I tweaked my own rules I use for battalion based games to be used for companies. Card based unit activation with a joker to end the turn (I counted each flipped joker as equating to 1/2 a turn, so 20 jokers is the same as the end of turn 10).  Most things stay the same except the unit scale has been reduced slightly from 1 vehicle is 2-5 vehicles to 1 vehicle = 1 vehicle and support weapons are closer to 1:1. Distance scale stayed the same.  Some support weapon and HE values needed to change to reflect this change in unit representation.  I have not posted the company level rules up on my WW2 rules page as they are not yet in a ready state to do so, but they play very similar to my latest battalion level rules.

Deployment

The British forces, optional force was an MMG stand.

The defending Germans


Where the units deployed
The Germans were deployed  across the two main farm locations with the MMG in a central location to cover most approaches.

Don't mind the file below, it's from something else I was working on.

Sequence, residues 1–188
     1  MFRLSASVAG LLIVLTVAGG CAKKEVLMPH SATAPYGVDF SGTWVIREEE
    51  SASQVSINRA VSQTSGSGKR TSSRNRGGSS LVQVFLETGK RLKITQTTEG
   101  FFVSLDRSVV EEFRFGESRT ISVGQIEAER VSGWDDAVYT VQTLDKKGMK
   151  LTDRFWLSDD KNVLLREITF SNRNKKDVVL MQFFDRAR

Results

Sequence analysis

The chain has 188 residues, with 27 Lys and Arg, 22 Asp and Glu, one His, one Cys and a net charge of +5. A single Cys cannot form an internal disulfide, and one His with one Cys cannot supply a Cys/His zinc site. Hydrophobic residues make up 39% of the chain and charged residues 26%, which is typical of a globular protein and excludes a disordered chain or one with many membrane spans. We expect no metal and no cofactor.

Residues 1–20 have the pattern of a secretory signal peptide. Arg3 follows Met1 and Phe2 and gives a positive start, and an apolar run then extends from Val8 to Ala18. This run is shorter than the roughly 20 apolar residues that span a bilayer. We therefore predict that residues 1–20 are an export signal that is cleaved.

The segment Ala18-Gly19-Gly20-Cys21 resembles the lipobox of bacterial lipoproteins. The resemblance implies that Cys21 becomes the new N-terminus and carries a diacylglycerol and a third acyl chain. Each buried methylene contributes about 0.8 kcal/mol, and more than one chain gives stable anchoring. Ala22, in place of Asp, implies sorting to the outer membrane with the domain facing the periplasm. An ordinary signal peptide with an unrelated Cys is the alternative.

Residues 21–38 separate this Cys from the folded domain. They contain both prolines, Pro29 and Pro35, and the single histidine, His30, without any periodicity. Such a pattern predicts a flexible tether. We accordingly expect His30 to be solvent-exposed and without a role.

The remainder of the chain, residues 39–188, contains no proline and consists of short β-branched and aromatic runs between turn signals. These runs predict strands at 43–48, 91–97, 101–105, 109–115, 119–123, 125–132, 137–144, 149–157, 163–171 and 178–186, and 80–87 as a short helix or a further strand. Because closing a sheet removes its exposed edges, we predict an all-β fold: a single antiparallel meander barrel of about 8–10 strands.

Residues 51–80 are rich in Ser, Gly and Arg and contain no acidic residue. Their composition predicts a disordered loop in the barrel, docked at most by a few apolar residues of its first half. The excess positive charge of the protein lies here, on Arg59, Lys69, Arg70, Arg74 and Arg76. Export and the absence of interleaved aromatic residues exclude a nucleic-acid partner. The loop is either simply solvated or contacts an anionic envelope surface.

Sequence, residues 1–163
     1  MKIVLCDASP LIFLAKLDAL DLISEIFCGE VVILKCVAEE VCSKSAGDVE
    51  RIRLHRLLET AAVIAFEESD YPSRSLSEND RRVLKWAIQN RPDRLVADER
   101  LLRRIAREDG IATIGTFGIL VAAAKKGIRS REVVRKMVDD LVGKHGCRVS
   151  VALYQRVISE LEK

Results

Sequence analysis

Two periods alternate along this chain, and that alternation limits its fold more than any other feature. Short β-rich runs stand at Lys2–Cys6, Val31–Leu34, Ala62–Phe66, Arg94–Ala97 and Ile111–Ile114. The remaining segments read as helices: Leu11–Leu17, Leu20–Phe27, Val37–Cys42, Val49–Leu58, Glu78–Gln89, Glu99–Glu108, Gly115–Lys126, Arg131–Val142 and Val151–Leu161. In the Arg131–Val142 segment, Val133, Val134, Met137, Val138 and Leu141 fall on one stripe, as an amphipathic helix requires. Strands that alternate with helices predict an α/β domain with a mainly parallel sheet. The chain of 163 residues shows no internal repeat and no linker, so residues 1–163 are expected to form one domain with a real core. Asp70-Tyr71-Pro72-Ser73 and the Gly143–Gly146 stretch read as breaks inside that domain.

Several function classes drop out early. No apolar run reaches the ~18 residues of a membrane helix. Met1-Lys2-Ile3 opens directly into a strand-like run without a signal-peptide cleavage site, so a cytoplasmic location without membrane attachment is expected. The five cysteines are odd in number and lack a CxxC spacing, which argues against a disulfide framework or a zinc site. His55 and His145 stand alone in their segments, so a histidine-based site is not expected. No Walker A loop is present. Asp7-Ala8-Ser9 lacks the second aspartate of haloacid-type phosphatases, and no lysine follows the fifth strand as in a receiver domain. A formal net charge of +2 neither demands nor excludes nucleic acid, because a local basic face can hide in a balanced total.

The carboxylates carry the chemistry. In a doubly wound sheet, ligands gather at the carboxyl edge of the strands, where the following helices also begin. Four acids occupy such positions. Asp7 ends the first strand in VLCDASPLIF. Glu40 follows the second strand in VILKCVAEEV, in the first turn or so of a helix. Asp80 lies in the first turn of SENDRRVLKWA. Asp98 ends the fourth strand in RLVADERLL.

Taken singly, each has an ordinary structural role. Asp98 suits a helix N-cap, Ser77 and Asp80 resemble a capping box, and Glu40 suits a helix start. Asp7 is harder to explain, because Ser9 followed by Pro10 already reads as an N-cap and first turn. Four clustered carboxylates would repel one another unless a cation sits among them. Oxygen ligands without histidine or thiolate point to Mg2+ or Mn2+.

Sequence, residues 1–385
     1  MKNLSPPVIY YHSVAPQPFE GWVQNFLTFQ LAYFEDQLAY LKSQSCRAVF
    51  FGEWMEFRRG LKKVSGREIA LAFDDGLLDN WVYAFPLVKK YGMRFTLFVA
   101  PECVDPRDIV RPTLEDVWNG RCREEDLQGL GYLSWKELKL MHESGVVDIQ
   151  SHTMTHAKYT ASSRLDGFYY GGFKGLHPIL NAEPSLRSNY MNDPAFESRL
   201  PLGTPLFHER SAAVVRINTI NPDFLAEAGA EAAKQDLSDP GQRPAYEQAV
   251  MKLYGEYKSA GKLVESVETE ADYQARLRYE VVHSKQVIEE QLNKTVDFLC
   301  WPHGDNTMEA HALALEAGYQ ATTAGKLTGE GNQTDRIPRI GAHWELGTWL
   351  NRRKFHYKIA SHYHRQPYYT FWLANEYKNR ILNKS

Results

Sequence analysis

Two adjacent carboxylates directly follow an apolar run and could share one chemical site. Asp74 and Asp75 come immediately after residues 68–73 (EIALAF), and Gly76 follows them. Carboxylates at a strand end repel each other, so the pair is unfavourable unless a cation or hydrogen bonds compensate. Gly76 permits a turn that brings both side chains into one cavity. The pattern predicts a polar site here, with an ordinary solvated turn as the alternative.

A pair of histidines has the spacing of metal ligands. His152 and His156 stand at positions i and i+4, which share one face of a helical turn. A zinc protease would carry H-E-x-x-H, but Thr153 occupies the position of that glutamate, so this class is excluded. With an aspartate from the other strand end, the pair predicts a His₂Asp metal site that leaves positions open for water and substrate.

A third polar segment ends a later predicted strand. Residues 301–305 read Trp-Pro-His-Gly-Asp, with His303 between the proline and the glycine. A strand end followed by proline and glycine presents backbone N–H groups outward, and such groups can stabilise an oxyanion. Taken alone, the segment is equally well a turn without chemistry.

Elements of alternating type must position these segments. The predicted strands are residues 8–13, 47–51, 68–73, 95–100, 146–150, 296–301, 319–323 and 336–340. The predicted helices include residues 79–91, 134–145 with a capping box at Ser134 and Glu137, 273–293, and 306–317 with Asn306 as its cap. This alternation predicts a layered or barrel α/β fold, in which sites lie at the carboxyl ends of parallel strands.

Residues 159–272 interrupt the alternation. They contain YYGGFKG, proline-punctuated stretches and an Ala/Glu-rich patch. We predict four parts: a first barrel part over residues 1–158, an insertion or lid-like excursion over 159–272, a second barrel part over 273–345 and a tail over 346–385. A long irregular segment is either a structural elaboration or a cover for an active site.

German deployment
The British deployed ready for a two pronged attack (see image after this).

The British deployed
The British aim is to have 16 and 17 platoon come down the edge of the table.  MMG down the centre to lend support.  18 platoon to come down the right of the road as a reserve.

British orders of advance
The Game
British pre-game bombardment. 12 dice (4 heavy mortars at 3 dice each.  a 6 will suppress, two 6s will KO) on farm 1. No 6's out of the 12.  Rolled again just to be a little fair on the Brits.  No 6s in the next 12 rolls either.  I will call that destiny. They are all shaken (-1 to fire) as being under HE fire, but that will only last a turn.


The main British forces continue to advance and are spotted by the Germans who hold their fire. They have the advantage of not being seen in the farm, and will be much harder to dig out by close combat that being fire on.

The British 16 and 17 Platoon advance.
16 platoon moves into position to charge the farm; company HQ keeps calling for mortar support while 17 platoon and 18 keep advancing.  The Major finally gets through and the farm is shaken and one gruppe retreats.  The 16 platoon charges in!  The German MMG was on overwatch and fires on them as they cross the open field.but it causes no casualties, except infantry units first fired on in the game must take a morale check and they hit the dirt.

German MMG opens fire of the advancing British platoon.
The British MMG has been lying in wait for such a moment, spots the MMG and routs them.